The law still must be voted on in the Senate and, if passed, signed into law by President Trump.
The music industry was quick to weigh in, celebrating the legislative victory.
"Music creators compose the soundtrack to our lives. These creators deserve to be paid a fair wage for their work," said Recording Academy president and CEO Neil Portnow in a statement. "The passage of the Music Modernization Act in the House of Representatives is a historic step forward for all music creators, ensuring that they are credited, paid, and shown the respect they deserve for the impact they have on our culture and daily life. We are honored that GRAMMYs on the Hill helped to pave the way for these long overdue updates."
Mike O'Neill, BMI president and CEO, stated, "We are excited that the Music Modernization Act was passed by the House today, as it brings us one step closer to finally achieving meaningful music licensing reform that will benefit America’s creative community. This vital legislation reflects an unprecedented collaboration among music creators and users, and we look forward to it moving to the Senate where we are optimistic it will be met with the same enthusiasm."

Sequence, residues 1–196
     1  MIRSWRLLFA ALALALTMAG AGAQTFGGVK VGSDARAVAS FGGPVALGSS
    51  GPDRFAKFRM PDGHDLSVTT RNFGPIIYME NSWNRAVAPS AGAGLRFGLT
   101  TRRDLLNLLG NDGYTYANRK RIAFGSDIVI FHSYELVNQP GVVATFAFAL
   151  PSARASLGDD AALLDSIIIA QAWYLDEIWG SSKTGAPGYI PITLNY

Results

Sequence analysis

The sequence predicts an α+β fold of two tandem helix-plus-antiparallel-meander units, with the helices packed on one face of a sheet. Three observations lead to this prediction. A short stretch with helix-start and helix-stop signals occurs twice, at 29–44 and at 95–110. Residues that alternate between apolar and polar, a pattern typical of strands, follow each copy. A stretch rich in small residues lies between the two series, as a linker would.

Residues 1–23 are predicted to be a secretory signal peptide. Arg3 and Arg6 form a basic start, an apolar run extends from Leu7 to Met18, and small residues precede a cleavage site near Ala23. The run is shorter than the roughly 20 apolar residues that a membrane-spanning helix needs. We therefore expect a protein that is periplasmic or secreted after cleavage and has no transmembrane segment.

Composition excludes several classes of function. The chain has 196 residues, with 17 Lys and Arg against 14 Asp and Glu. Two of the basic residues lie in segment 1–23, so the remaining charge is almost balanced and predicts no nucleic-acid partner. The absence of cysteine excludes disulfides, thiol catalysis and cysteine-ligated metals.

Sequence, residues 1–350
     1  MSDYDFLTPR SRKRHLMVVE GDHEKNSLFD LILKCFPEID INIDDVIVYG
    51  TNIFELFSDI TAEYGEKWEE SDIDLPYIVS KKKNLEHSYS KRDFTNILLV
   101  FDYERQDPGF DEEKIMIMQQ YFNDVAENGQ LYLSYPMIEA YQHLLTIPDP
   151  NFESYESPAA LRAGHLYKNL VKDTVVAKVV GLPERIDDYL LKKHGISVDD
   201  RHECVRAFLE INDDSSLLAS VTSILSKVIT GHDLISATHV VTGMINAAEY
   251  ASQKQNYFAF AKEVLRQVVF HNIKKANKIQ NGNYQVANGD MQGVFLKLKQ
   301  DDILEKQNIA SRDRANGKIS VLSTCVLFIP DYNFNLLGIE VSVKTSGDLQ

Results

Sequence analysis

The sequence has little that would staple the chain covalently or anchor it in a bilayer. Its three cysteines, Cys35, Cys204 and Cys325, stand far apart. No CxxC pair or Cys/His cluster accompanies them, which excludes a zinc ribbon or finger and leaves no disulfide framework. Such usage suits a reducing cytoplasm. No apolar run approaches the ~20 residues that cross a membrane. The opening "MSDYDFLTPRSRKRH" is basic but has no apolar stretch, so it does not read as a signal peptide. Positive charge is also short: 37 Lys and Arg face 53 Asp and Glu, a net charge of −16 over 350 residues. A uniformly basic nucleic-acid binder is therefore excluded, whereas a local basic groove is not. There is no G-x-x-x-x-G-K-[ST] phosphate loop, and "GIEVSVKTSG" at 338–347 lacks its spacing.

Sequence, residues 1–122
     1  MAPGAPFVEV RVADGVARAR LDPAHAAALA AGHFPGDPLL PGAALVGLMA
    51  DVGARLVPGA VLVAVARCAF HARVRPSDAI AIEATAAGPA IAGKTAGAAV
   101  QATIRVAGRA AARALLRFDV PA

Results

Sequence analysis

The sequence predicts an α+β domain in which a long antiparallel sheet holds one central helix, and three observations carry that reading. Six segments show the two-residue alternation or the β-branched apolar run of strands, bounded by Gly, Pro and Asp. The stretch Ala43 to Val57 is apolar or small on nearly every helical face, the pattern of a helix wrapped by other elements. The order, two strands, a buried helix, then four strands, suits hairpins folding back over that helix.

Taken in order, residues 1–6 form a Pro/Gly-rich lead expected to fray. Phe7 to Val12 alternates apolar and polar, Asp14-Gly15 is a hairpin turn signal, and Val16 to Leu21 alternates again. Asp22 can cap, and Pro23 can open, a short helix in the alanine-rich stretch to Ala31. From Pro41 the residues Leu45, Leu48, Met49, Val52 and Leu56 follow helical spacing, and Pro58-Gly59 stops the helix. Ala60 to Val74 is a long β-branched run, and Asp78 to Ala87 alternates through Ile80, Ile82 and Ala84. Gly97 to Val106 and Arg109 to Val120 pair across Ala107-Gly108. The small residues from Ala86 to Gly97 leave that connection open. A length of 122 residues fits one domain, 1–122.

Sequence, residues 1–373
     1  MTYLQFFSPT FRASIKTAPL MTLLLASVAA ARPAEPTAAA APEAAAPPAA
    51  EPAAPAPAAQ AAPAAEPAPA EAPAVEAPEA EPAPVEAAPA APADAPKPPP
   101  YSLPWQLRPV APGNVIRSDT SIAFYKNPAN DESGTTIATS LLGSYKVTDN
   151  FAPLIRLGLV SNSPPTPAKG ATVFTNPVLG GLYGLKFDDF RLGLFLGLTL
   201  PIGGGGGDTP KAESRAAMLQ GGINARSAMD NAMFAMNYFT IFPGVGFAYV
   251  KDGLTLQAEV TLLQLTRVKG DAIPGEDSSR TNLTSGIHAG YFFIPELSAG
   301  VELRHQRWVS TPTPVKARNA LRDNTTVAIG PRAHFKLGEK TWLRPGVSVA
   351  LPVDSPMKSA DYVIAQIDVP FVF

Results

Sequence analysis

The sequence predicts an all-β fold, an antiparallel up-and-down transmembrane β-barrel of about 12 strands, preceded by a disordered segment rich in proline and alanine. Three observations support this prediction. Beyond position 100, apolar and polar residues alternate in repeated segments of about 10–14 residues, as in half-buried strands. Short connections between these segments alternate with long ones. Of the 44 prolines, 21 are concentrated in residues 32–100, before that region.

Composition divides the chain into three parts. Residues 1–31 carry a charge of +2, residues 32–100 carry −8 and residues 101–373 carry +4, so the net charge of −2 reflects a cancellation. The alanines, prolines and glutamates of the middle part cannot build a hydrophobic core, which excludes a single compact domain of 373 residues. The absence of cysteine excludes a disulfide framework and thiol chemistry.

"The MMA is a game-changing piece of legislation and its passage in the House of Representatives is a terrific result for songwriters and publishers," said Sony/ATV Music Publishing chairman and CEO Martin Bandier in a statement. "This brings us one step closer to ensuring that songwriters and publishers are properly recognized for their essential contribution to the streaming success story that has transformed the music industry's fortunes. We now look forward to a positive vote in the Senate and this becoming law."